No-Fault Explained: Discovery

Once a plaintiff starts a no-fault lawsuit, there is a period of time when both sides can investigate their claims and defenses, called discovery. While all the normal court rules for discovery apply to first party actions, the Michigan No-Fault Act has two sections that specifically apply to auto insurance companies’ discovery.

MCL 500.3158 gives the auto insurance defense attorneys two tools to discover the value of your case.

(1) Statement of Earnings from Employers

An auto insurance company is allowed to request a sworn statement of earnings from the injured motorist’s employer. This will cover any earnings since the accident and for a reasonable period of time before you were injured. If you are employed at the time of your accident, your boss can expect to get a letter from the insurance company, and should be prepared to provide the required statement of earnings.

But just because your employer’s HR department fails to do what the court rule requires doesn’t mean you will be completely out of luck. A Michigan court of appeals case says that a plaintiff does not automatically lose his or her right to work loss benefits if the employer doesn’t comply with the statute. There are other ways to prove lost wages to a judge or jury.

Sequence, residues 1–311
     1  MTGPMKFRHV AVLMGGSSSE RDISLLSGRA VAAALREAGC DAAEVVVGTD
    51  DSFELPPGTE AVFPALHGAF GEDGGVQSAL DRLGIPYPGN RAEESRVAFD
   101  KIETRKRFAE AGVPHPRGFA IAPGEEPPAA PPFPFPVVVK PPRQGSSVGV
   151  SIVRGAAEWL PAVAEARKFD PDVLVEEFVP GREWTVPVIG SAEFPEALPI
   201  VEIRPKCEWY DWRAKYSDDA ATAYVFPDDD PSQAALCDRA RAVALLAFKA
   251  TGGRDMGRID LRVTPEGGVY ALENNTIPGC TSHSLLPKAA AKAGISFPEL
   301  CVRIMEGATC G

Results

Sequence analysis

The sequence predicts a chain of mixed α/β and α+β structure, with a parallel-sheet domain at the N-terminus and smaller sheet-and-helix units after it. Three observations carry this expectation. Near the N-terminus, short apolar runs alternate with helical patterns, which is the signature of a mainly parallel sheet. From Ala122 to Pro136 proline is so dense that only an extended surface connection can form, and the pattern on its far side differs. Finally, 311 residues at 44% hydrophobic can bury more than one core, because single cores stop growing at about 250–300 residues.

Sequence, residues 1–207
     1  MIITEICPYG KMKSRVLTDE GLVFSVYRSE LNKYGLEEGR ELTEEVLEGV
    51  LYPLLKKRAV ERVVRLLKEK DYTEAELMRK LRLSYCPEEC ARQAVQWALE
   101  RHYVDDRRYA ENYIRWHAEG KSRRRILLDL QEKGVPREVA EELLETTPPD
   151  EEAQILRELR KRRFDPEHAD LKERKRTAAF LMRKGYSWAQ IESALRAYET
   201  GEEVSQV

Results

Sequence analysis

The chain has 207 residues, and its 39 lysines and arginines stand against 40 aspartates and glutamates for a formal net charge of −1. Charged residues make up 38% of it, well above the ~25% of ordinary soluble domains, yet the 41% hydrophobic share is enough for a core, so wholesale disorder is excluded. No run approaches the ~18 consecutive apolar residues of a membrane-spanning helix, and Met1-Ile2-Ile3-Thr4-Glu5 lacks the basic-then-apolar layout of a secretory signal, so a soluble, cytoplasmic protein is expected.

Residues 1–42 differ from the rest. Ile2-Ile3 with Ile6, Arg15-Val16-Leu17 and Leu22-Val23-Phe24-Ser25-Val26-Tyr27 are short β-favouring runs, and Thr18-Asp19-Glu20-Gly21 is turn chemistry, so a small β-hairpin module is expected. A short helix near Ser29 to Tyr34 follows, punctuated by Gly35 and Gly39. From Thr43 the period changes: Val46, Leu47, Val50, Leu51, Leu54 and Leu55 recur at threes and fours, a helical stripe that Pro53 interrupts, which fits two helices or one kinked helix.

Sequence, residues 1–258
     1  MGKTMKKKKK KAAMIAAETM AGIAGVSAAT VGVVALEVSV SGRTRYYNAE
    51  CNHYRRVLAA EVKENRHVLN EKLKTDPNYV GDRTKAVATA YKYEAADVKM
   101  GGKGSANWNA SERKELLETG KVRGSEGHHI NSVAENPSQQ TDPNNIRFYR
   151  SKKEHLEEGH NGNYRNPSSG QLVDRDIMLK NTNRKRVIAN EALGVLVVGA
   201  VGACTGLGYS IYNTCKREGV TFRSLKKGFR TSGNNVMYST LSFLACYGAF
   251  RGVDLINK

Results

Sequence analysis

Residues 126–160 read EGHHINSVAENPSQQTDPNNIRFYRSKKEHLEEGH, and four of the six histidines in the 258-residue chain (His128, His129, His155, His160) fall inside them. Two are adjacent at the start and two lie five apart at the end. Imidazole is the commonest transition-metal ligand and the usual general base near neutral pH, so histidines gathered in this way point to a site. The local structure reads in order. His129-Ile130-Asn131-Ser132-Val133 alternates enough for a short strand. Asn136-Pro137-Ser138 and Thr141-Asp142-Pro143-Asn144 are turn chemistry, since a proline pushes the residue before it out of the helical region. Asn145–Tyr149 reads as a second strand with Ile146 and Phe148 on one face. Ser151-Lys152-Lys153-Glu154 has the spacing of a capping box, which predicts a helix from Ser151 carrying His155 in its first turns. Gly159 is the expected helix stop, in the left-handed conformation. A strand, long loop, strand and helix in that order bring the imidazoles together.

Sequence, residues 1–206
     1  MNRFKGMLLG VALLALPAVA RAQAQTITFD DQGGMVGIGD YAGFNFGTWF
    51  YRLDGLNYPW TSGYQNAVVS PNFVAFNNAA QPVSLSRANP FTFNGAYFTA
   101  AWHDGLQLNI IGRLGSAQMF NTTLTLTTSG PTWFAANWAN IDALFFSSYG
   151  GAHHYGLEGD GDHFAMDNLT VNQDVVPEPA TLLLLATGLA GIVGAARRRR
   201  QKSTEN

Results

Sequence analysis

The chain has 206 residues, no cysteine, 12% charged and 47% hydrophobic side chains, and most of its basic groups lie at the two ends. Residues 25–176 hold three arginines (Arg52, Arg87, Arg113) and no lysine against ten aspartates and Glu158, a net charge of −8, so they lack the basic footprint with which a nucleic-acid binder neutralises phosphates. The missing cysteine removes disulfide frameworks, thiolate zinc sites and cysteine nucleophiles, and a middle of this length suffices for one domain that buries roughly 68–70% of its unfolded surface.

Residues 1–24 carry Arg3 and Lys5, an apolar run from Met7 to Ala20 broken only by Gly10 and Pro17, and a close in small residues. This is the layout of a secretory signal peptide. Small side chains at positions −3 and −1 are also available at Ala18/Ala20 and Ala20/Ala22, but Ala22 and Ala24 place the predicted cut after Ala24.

(2) Medical Treatment Records

The insurance companies are also entitled to an injured motorist’s medical records. The defense attorneys can send a request to a person’s physician, hospital, clinic, or other medical institution, whether that treatment happened before or after the car crash. In most other cases, your medical records are private. But because your no-fault claim is centered on a bodily injury, your medical records are open for inspection.

MCL 500.3159 Limits on Discovery

If there are things in your medical history you would rather not share with your auto insurance company, the Michigan No-Fault Act has that covered too. MCL 500.3159 allows courts to enter discovery orders regarding medical records. It works both ways. If your medical provider refuses to provide records, the auto insurance company can file a motion and the court can order the production those records.

If you file a motion to restrict discovery, the court may also cut off an insurance company’s access to your medical records or limit it. To do this, you and your auto accident attorneys will need to show that there is good cause for the restrictions, which must be designed to protect you against annoyance, embarrassment, or oppression. The attorneys at Christensen Law know how to use these motions to protect your privacy. If the insurance company is digging into your medical history, your attorneys will help you identify that good cause and ask the court to enter an order limiting what they can get a hold of.